Non-traditional book distribution and other non-fictional news
Here on the North American landmass, Sandra Ruttan was happy to report receiving author's copies of her novel What Burns Within even though the box containing them had been ripped open and one of the books "liberated along the way."
Here's hoping that the hijackers and liberators enjoy their books and that the authors get the royalties they deserve.
Back in South America, Brazil's government wants to fine all foreigners who visit the Amazon wilderness without government permission. Under a bill the government plans to send to the country's Congress, those caught in the Amazon without a permit from military and justice authorities could be fined $60,000, according to the Associated Press.
"We want the world to visit the region. But we want them to tell us when they’re coming and what they’re going to do,” said National Justice Secretary Romeu Tuma Jr., who added that the government was looking at Brazilian organizations in the Amazon for possible illegal activities.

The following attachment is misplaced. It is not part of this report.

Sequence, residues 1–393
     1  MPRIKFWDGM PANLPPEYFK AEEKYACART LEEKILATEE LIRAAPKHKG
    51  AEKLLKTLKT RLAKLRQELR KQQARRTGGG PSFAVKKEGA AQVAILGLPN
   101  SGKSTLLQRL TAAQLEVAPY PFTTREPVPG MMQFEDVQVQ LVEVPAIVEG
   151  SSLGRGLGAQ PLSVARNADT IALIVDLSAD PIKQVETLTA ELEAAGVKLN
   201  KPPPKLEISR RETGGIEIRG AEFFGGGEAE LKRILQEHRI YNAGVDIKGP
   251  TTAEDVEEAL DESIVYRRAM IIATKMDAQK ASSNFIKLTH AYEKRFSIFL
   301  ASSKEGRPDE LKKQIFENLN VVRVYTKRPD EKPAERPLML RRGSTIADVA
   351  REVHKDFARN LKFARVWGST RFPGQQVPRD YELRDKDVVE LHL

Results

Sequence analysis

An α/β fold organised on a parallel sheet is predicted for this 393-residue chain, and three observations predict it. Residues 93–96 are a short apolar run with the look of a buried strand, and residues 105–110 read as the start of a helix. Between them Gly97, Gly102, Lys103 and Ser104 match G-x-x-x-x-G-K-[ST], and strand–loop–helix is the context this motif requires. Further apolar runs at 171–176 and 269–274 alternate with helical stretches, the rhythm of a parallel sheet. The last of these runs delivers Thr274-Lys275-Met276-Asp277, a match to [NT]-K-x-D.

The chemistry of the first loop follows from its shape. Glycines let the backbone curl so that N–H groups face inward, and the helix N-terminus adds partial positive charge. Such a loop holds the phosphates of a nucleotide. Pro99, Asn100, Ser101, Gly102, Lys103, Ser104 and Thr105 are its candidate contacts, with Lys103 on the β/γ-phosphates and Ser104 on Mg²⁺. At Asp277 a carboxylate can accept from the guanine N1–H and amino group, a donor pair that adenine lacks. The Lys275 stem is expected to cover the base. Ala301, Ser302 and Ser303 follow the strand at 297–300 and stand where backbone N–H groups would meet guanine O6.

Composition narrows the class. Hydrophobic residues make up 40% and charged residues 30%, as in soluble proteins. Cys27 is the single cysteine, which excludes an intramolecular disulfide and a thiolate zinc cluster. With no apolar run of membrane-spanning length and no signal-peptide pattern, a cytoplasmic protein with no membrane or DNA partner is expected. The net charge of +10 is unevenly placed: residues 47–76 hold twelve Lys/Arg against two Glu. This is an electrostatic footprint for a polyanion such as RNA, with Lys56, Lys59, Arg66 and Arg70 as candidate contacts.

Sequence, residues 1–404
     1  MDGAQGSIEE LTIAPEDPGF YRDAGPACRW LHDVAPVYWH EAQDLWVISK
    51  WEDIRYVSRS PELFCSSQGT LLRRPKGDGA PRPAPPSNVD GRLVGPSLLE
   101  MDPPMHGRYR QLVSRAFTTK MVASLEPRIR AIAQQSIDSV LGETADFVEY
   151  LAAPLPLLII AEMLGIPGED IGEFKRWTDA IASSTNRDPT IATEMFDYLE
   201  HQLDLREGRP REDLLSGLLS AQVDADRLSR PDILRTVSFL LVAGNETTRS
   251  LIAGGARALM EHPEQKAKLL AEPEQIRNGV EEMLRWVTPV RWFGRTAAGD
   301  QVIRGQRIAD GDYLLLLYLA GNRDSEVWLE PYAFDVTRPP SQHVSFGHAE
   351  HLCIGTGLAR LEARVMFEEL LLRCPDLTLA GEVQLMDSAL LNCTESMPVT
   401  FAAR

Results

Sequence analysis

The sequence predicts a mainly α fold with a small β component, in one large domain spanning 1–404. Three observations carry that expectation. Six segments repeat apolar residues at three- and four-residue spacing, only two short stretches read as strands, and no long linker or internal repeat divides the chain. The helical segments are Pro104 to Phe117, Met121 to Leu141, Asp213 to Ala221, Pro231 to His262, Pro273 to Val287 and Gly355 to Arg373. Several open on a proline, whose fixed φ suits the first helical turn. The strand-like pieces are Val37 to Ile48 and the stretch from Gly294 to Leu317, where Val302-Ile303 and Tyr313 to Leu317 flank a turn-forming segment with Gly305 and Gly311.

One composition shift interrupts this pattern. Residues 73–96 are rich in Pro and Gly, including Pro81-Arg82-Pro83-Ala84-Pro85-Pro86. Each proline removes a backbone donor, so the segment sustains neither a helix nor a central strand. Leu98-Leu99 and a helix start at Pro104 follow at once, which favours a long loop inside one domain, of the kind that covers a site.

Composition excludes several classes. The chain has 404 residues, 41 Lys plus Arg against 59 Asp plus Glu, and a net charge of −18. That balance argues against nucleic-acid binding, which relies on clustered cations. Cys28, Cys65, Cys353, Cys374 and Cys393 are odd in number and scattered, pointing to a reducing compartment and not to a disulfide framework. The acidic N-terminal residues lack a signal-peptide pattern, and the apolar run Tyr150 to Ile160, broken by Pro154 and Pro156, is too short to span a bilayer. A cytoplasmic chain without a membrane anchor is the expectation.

According to the AP, "The bill reflects suspicions among conservative politicians and the military that foreign nongovernmental organizations working to help Indians and save the rain forest are actually attempting to wrest the Amazon and its riches away from Brazil."
“We have information that some international groups disguised as NGOs have come to carry out bioprospecting and have entered public and indigenous lands to try and influence their cultures,” Tuma is quoted as having said. “There is piracy and the theft of (traditional) knowledge in the region.”
Sounds to me like a story idea for Leighton Gage.
© Peter Rozovsky 2008